The Digital Asset and Blockchain Foundation of India aims to create awareness about the benefits and risks of cryptocurrencies, liaise with regulators and get clarity on taxation, attract investment and set up incubators to promote startups.
Four years after it first warned the users of virtual currencies (VCs), including Bitcoin, in 2013 of the potential financial, operational, legal, and security-related risks that they were exposing themselves to, the Reserve Bank of India (RBI) recently again expressed concern over the risk-prone Bitcoin players, who have no authorisation to deal with Bitcoin.
But these warnings seem to have had no effect on the Bitcoin and cryptocurrency players, who that have now gone a step further and set up the Digital Asset and Blockchain Foundation of India (DABFI) as a kind of self-regulatory body to lay down rules and regimes for the trading of Bitcoins and other blockchain-based digital assets.
The DABFI initiative is being spearheaded by Bitcoin startups such as SearchTrade, Zebpay, Unocoin, and Coinsecure, and follows from the need to ensure an orderly and transparent growth of the virtual currency market. The foundation is mandated to standardise KYC (Know Your Customer), AML (Anti-Money Laundering), and STR (Suspicious Transaction Report) norms for the member companies and create awareness about the benefits and risks of crypto-currency.
In addition, DABFI will also liaise with regulators and get clarity on taxation, attract investment and set up incubators to promote startups, build global relations and actively engage with the international community, and create a public website and regularly print reports on and around Bitcoin and the blockchain.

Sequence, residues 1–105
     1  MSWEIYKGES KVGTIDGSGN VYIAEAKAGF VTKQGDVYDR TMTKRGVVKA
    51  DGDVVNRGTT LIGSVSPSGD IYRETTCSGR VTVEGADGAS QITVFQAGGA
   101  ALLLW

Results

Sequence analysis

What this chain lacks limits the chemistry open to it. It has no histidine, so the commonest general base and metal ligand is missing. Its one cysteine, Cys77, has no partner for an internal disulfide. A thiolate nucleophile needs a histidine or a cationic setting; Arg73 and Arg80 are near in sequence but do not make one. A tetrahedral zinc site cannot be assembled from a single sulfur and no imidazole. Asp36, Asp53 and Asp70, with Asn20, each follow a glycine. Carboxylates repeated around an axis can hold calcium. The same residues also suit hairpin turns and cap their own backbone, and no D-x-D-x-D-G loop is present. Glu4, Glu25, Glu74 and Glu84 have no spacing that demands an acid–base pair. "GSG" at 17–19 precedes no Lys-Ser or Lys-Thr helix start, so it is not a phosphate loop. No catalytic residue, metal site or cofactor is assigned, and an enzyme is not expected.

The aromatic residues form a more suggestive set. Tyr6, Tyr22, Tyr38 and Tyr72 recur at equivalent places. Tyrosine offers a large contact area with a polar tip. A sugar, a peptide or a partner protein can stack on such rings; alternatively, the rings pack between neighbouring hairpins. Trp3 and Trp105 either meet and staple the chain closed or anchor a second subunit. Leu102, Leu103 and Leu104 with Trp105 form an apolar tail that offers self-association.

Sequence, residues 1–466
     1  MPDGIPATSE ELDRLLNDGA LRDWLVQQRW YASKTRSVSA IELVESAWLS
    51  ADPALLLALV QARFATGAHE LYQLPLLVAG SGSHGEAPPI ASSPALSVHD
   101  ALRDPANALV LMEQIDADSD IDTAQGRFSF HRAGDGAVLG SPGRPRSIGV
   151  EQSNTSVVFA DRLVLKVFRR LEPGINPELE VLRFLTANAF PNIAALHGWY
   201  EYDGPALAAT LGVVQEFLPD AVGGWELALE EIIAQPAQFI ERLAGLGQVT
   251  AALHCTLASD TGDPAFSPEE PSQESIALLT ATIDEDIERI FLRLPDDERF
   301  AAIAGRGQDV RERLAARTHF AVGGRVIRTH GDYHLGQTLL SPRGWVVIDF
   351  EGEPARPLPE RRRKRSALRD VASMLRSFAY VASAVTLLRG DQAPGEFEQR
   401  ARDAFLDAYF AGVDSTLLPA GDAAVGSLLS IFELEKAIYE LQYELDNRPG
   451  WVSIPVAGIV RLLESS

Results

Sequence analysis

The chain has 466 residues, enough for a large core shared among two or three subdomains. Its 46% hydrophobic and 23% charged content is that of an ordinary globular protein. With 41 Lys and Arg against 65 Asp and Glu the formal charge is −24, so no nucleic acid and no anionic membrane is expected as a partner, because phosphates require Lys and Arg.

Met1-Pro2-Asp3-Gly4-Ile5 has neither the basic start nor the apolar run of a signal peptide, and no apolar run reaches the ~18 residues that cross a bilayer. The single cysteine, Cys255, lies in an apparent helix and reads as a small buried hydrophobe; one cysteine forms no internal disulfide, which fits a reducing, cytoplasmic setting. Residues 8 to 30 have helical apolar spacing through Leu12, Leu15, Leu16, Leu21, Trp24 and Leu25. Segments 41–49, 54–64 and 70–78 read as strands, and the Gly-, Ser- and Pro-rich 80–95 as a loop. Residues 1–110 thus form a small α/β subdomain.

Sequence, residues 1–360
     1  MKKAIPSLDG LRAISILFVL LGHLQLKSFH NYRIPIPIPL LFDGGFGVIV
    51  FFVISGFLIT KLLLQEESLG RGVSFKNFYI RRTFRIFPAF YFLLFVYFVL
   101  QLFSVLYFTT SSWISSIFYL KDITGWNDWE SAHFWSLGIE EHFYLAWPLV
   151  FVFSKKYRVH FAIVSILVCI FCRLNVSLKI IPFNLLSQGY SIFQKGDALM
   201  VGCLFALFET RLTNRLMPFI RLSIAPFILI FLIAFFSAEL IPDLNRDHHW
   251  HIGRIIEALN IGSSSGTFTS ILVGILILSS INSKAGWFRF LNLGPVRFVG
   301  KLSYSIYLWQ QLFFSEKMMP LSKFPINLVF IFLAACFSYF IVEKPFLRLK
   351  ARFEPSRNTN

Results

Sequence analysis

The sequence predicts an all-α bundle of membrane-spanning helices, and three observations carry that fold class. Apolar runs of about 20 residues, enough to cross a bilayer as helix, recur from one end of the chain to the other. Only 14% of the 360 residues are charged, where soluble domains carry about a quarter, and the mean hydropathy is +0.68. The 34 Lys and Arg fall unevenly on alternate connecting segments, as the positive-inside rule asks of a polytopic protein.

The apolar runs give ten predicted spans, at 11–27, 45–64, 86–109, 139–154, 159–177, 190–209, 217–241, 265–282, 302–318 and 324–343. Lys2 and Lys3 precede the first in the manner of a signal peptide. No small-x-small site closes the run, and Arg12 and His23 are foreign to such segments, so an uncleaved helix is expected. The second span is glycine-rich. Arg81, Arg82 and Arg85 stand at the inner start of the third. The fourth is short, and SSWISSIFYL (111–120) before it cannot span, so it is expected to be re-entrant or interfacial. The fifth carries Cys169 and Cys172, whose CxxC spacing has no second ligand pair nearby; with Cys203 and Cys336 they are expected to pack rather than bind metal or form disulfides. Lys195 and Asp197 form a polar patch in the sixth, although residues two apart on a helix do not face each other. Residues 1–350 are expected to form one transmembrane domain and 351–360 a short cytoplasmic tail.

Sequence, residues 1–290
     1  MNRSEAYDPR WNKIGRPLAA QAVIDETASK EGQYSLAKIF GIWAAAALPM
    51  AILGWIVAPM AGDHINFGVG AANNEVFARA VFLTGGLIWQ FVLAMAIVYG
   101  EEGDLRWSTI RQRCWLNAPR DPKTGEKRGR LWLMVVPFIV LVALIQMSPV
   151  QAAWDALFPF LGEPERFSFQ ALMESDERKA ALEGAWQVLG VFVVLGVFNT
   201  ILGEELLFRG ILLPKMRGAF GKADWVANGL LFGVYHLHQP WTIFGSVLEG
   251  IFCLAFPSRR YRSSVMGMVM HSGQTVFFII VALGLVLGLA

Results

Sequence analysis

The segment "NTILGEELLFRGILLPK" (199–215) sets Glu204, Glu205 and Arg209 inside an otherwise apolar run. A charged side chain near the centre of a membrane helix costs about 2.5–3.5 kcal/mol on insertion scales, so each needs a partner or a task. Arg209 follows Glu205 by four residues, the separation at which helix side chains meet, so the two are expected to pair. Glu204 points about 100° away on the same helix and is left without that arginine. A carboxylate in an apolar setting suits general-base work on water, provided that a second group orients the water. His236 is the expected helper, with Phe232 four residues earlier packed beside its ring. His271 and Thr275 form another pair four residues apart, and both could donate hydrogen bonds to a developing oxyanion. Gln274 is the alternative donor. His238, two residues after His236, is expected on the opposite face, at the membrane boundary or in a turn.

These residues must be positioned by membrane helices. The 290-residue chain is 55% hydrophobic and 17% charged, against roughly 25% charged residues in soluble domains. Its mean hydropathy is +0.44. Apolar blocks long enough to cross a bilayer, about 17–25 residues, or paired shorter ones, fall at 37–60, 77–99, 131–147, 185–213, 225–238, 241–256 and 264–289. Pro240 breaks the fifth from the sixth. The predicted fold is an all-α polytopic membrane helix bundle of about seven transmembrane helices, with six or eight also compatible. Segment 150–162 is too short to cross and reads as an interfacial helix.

The foundation is currently working on creating awareness among investors and firms against such schemes and programmes that lead to problematic transactions and mistrust around cryptocurrencies. Vishal Gupta, CEO, Searchtrade and founding member of DABFI, says,
“Bitcoin and other cryptocurrencies have tremendous benefits for most marginalised people, merchants, tax departments, and regulatory authorities. It has better price discovery, is anti-inflationary, and the transactions are irreversible.”
Vishal says he appreciates RBI’s warning in the light of many multi-level marketing (MLM) and network marketing companies offering cloud mining and alt coin, and promising unreal returns to investors. These companies, according to him, are trying to ride the popularity of Bitcoin and trapping uninformed investors with their schemes.
According to Bitcoin startups, since there is no formal recognition of Bitcoin or cryptocurrency, raising capital from accredited investors becomes a major challenge for them. Besides, there is little clarity about the taxation that is applicable to various types of Bitcoin transactions.
The RBI, on its part, maintains that it has not given any licence or authorisation to any entity or company to deal with Bitcoin or any virtual currency, and as a result, any user, holder, investor, or trader dealing with virtual currencies will be doing so at their own risk.